Stop reading now if you:
– like science fiction, fantasy – all those typically boy books that I wouldn’t read if you paid me
– read only the classics. We’d all like to think English teachers sit at home reading ‘Jane Eyre’ et al and having text chats about the genius of Shakespeare but it just isn’t true. Sorry to burst that bubble.
– don’t like nicely written chick lit or crime. Because that’s pretty much all I read.
– would want these to be my favourite books of all time, which would be a whole different list, and would consist mostly of Jeanette Winterson and Janice Galloway, before any of you judge my reading habits….
In no particular order:
1. Jojo Moyes, ‘The Ship of Brides.’ The woman can do no wrong as far as I’m concerned. You might not love the slightly twee title, but I defy anyone to not love the story of the brides and their fates. If you’d prefer to sob into a tissue for the evening, try ‘Me Before You’ instead.
2. Lisa Jewell, ‘The House I Grew Up in.’ It’s tough to choose one, but the story of the frankly mental Lorelei and her assorted equally unhinged offspring is compelling. Her latest offering, ‘The Third Wife’ runs it a close second for characters you don’t want to let go of.
3. Diane Chamberlain, ‘Necessary Lies.’ Loved it. Based on real life cases of compulsory sterilisation in 1950s America, she does a brilliant job of creating sympathy for her poor, under-privileged characters whose choice to have children is removed from them. I love Diane Chamberlain, especially via her Facebook page, where she asks her readers research questions. I’m enough of a geek to feel quite thrilled about being involved in the writing of an actual book.
4. Laura Lippman, ‘Every Secret Thing.’ Two children decide to take a baby in a pram on their way home from a party- the story begins years later on their release from jail, and still no one knows the full story. Mesmerising.
5. Sophie Hannah, ‘Little Face.’ Before she started writing novels that I’ve read six times and still don’t understand what the hell happened, Sophie Hannah produced this amazingly clever psychological thriller.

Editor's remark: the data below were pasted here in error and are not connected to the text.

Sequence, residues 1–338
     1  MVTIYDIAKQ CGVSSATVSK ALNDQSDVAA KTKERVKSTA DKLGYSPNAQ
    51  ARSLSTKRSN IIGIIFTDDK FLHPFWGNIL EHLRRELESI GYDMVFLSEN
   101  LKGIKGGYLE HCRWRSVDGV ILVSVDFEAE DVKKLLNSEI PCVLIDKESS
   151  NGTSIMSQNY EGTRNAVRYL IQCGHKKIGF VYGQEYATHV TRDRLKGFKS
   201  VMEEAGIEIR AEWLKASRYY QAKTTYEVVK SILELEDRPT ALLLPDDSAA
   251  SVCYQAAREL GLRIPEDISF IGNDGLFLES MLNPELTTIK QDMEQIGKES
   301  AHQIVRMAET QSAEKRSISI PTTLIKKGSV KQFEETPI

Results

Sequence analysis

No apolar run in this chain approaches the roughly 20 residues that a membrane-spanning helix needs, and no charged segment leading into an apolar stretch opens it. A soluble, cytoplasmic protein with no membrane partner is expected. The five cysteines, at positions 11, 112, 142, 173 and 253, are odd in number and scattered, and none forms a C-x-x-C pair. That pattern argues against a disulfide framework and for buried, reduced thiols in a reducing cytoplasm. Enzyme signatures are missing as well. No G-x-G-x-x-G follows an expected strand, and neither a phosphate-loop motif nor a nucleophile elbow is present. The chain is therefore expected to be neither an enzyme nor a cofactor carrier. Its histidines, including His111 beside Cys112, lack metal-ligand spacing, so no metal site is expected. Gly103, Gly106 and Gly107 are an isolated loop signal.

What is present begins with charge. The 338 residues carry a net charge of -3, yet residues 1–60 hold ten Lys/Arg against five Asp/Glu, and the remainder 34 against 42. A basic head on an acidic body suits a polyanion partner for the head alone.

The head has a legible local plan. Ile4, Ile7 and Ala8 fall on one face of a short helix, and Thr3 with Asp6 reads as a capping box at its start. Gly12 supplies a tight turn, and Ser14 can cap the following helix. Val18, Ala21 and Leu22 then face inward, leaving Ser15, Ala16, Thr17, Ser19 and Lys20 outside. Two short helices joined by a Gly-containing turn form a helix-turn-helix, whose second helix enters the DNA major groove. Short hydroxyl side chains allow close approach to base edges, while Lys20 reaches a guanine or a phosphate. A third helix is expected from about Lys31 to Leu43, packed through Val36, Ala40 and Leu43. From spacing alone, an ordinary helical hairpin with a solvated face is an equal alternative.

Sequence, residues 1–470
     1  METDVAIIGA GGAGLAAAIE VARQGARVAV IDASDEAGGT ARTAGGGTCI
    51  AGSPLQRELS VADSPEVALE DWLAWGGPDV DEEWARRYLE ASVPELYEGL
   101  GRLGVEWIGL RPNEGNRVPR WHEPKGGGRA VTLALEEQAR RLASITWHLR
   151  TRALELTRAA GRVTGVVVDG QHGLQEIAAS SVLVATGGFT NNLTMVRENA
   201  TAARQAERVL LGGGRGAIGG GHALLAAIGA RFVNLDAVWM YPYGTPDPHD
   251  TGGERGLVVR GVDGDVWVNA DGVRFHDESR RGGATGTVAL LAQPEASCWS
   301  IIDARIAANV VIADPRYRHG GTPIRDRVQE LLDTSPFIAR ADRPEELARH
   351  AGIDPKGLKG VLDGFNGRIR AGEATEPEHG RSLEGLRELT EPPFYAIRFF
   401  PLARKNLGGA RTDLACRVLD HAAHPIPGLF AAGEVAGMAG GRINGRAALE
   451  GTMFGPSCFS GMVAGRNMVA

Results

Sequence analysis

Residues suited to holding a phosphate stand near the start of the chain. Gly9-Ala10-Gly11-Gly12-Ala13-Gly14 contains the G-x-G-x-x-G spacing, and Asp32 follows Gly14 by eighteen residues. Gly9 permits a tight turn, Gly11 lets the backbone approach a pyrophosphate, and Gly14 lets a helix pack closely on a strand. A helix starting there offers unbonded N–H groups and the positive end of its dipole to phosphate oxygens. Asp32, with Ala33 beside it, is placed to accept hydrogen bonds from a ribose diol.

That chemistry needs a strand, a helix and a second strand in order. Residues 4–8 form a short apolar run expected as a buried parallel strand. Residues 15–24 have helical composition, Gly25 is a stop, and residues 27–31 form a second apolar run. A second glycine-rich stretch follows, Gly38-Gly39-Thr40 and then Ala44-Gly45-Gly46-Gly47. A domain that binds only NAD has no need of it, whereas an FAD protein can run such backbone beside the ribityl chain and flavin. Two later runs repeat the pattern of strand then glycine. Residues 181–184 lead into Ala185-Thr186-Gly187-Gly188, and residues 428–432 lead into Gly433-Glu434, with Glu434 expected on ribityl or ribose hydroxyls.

6. Emma Donaghue, ‘Room.’ This book deserves to be all by itself because in terms of quality it’s a cut above everything else on this list. If before I’d read it you’d told me it was a book narrated by a five year old about abduction and abuse, I would have run for the hills. And I’m so glad I didn’t, because it is a work of art. There is no mother alive that could fail to be moved by the relationship between Jack and his mother, still only really a child herself.
7. Liane Moriarty, ‘Little Lies.’ Liane Moriarty gets better and better, and this is my favourite. You’ll recognise every mother in it (especially yourself) and it all gets a bit dark. That’s probably because school gate politics are dark. Really very dark.
8. Charity Norman, ‘The Son in Law.’ This writer is very JoJo Moyes-esque, and this is the best of her books. Like all the above writers, she manages to garner sympathy for all of her characters, even the ones on supposing opposite sides.
9. Louise Candlish, ‘Since I Don’t Have You.’ Much as I love this book, I also find it harrowing. A child dies. It’s narrated by her mother. You might well want to stop there.
10. Emily Barr, ‘Cuban Heels.’ The main character is, admittedly, a bit mad, and develops rapidly into a stalker, but this is a hugely enjoyable and entertaining read for all that.